In the Lectionary

Sunday, December 1, 2013: Isaiah 2:1-5; Romans 13:11-14; Matthew 24:36-44

In the social media I often read about a Christian community that has excluded an innocent person or demonized a marginalized group. The writer then juxtaposes this with a pithy saying from Jesus about loving all persons. And there you have it—we Christians are exposed as two-faced and heartless, insensitive to anything but our own proclamations of righteousness.

If you’re like me and many others in the progressive, socially aware, justice-minded, post-Christendom community, the criticisms based on these caricatures seem easy to brush off (they’re straw figures begging to be knocked down). After all, it’s not true that we judge people as they’re coming through the door; instead we do everything we can to honor their experience and perspective. We work for inclusion of all persons, and create programs to help provide disadvantaged and isolated people with the means of connection and dignity. We don’t hit everyone over the head with the gospel; we honor other faiths and perspectives. Most of all, we do our best to avoid implying that those who do not share our beliefs or practices are cut off from God’s grace.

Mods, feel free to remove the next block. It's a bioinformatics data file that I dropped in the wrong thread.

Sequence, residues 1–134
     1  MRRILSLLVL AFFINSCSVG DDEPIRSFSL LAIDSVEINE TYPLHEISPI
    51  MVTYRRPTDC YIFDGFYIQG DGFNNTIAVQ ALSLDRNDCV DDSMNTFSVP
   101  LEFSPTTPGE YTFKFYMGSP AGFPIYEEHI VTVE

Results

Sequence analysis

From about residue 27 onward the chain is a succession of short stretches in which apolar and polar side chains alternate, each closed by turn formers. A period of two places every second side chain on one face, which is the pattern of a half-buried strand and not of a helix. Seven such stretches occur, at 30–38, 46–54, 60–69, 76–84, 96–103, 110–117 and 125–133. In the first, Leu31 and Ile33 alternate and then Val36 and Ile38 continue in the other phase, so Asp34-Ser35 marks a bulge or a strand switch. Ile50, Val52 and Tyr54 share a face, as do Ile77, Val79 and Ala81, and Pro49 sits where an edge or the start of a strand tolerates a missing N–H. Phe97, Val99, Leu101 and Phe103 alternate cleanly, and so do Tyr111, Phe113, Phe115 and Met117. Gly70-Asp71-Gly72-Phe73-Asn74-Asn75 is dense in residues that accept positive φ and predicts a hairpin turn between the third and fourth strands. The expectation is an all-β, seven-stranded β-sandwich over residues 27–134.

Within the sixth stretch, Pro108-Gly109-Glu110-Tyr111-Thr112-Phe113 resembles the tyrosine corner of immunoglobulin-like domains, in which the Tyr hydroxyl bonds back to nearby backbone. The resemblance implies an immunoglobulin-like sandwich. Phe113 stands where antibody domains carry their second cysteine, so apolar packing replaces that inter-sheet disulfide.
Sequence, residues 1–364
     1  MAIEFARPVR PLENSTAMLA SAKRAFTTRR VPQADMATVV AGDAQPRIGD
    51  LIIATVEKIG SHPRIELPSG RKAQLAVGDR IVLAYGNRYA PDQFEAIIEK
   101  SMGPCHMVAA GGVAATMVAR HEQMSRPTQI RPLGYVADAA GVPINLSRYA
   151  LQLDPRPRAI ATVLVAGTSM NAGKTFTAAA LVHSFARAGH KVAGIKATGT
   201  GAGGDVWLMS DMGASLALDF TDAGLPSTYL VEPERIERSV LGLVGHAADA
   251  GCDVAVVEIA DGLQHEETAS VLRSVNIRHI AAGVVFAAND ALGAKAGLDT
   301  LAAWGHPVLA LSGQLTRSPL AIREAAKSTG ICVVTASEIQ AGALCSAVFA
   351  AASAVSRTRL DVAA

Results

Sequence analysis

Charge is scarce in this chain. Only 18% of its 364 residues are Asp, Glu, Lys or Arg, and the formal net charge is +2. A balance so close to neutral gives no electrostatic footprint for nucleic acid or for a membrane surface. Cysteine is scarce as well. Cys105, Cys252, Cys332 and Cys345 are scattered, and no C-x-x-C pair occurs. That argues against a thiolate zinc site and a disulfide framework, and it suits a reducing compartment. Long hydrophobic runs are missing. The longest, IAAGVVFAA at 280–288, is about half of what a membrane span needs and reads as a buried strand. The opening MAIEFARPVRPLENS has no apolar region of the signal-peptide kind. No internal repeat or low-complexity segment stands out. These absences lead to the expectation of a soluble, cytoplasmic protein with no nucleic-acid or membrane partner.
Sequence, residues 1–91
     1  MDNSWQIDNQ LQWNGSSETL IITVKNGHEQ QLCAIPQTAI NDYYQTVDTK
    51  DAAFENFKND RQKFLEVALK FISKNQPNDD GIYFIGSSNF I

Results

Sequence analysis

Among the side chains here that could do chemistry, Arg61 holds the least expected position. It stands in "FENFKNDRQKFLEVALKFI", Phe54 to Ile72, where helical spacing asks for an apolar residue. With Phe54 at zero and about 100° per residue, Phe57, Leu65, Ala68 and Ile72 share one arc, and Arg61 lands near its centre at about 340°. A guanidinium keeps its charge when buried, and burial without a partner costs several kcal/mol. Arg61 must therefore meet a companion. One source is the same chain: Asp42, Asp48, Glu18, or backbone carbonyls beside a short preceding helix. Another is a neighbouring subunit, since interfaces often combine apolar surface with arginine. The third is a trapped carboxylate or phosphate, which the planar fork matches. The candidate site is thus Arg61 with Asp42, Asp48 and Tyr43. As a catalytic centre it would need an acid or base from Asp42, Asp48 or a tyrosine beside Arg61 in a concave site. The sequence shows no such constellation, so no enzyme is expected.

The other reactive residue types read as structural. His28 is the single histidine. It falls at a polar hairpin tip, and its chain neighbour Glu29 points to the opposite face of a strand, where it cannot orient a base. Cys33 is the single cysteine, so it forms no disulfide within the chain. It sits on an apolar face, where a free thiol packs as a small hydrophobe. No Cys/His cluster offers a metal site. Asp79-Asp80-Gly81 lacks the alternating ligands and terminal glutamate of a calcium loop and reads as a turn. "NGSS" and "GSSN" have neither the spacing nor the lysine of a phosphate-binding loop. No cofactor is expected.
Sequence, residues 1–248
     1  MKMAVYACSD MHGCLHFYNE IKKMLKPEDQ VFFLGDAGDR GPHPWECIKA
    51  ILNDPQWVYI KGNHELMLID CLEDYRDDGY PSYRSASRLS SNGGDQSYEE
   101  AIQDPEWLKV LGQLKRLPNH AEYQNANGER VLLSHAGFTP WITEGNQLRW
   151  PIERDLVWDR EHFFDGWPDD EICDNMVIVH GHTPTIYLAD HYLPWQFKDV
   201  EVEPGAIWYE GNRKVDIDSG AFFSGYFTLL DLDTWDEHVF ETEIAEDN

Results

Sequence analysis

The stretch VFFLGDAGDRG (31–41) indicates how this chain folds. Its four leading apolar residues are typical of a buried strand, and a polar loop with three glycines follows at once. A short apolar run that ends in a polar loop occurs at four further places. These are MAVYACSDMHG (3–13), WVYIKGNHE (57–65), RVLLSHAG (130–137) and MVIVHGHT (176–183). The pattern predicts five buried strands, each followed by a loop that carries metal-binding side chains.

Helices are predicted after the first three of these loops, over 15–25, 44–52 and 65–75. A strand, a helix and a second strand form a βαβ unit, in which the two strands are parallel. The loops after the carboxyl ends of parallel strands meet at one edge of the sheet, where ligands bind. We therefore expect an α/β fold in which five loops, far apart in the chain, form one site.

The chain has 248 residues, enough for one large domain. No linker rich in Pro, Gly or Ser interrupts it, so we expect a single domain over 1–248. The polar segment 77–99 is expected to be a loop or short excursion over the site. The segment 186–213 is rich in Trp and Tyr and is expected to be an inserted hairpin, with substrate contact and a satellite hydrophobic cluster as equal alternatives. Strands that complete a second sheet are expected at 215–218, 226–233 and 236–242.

Our polite and careful articulations of faith help us avoid offending those who might be looking for a reason to reject a relationship with Jesus Christ. But does our Christianity have anything that’s truly compelling about it? Imagine how Paul’s words stirred the hearts of believers in Rome as they wondered if they could remain true to their faith in an empire that was so hostile to their faith and to them. Would a message about accommodating the powers around them have served them as well as the bold exhortation that lifted up contrasting images: life in an oppressive empire and life in God’s new day?